Christmas Cards: History and Tradition

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The tradition of sending Christmas cards is a well-established custom that dates back to the 19th century. It is a delightful means of maintaining connections with family and friends, especially those who live far away. The simple act of sending a card communicates affection, appreciation, and good wishes during the holiday season.

illustration of people holding up a glass of drink
First Christmas Card – 1843

The First Christmas Card

The first Christmas card is believed to have been created in 1843 by Sir Henry Cole in the UK. At the time, Cole was a civil servant who helped set up what would later become the Post Office, and he wanted to find a way to encourage people to use the postal service more.

Collaborating with artist John Callcott Horsley, they designed a card featuring a family having Christmas dinner, with a message of “A Merry Christmas and a Happy New Year to You.” Initially, it wasn’t well received due to the depiction of a child drinking wine. However, the idea of sending Christmas wishes in this way gradually caught on.

The Christmas card tradition truly took off with advancements in printing technology and the reduction in postal rates, making it affordable for the average person to send cards. By the late 19th and early 20th century, Christmas cards were being produced in large numbers.

illustration of early winter scene
By Published by J. Hoover, Philadelphia

Early Christmas Card Styles

Early Christmas cards often avoided overt references to the holiday, featuring instead generic wintery scenes or whimsical illustrations. Over time, however, they began to incorporate more explicitly Christmas-related themes, such as nativity scenes, Santa Claus, and Christmas decorations.

illustration of santa riding reindeer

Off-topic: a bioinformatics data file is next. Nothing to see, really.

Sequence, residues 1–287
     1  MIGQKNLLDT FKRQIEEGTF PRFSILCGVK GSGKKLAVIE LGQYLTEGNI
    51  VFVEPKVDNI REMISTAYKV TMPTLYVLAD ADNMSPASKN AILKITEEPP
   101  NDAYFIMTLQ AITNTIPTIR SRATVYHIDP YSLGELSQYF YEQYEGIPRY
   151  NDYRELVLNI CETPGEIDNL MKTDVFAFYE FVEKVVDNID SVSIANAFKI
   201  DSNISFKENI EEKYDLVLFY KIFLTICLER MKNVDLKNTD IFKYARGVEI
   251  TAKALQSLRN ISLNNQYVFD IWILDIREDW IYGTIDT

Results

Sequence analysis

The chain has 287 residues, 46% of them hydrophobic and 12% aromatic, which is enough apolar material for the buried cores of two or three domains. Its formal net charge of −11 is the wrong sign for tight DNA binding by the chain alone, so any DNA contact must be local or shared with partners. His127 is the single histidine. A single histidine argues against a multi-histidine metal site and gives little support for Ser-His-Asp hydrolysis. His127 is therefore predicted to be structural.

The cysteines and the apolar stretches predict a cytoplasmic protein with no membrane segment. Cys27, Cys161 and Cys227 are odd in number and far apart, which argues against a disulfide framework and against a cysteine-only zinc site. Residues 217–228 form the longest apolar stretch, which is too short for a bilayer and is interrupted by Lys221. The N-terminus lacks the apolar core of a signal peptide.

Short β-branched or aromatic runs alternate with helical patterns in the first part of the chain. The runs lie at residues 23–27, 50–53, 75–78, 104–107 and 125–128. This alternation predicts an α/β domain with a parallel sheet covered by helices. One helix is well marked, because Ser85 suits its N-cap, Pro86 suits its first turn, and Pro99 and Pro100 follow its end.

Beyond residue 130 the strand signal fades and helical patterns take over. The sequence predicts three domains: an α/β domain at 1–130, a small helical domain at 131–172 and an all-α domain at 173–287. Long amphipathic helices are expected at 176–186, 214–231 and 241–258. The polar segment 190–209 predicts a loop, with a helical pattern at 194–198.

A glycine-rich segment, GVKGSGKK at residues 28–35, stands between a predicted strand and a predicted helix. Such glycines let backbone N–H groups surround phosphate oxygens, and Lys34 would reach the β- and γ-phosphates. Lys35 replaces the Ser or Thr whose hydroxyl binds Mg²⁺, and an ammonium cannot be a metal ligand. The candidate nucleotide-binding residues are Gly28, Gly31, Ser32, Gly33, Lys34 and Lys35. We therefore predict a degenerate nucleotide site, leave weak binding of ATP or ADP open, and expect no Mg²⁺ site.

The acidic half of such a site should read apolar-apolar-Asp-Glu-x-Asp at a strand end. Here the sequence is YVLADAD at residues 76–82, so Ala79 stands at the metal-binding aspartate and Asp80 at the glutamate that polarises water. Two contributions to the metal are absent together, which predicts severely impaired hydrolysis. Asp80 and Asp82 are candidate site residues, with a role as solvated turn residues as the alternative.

Souvenir Post Card Company, New York

Modern Christmas Cards

Nowadays, Christmas cards come in a wide variety of designs, ranging from traditional to humorous, religious to secular, and simple to extravagant. Some people prefer to send handmade cards, while others opt for store-bought ones. Personalised photo cards have also become a popular trend, featuring a picture of the family, children, or even pets.

In addition to the cards themselves, the way they are sent has also evolved. While many people still enjoy the process of handwriting a message, addressing an envelope, and sending a physical card through the mail, others have embraced the convenience of electronic Christmas cards. These e-cards can be personalised, animated, and sent instantly to recipients all over the world, reducing costs and environmental impact.

Cultural and Historical Influence on Design of Christmas Cards

Another interesting aspect of Christmas cards is the cultural and historical significance. The themes, designs, and messages on cards often reflect the societal attitudes, technological advancements, and artistic trends of their time. For instance, Victorian-era cards are known for their intricate designs and often contained elements reflecting the fascination with nature and industry. During war periods, cards would often carry patriotic themes or messages of hope and resilience.

pile of different christmas cards
Photo by Annie Spratt on Unsplash

Collecting Christmas Cards

Collecting Christmas cards is a hobby for some, who treasure the artistry and historical value of these seasonal greetings. Antique and vintage cards are particularly prized by collectors. Some museums and libraries even have collections of Christmas cards for their historical significance.

The Meaning of Exchanging Christmas Cards Today

Despite these modern adaptations, the essence of the Christmas card tradition remains the same: it’s a way to express love, gratitude, and holiday cheer to the important people in our lives. Whether they’re displayed on a mantelpiece, hung up with string, or opened on a computer screen, Christmas cards continue to be a cherished part of the holiday season.

The act of sending and receiving Christmas cards also has a personal significance. For many, it’s a cherished tradition that kicks off the holiday season. The sight of cards arriving in the mail, the ritual of opening them, and the joy of displaying them around the house all contribute to the festive spirit of Christmas.

In an increasingly digital age, the tradition of sending physical Christmas cards has taken on a new meaning. For some, it’s a way to disconnect from the digital world and engage in a more tactile, personal form of communication. There’s something special about holding a physical card, knowing it was handpicked, possibly written by hand, and physically mailed to you.

Christmas cards are much more than simple pieces of paper. They are a tradition that carries historical, cultural, and personal significance, enhancing the warmth and connection inherent in the holiday season.

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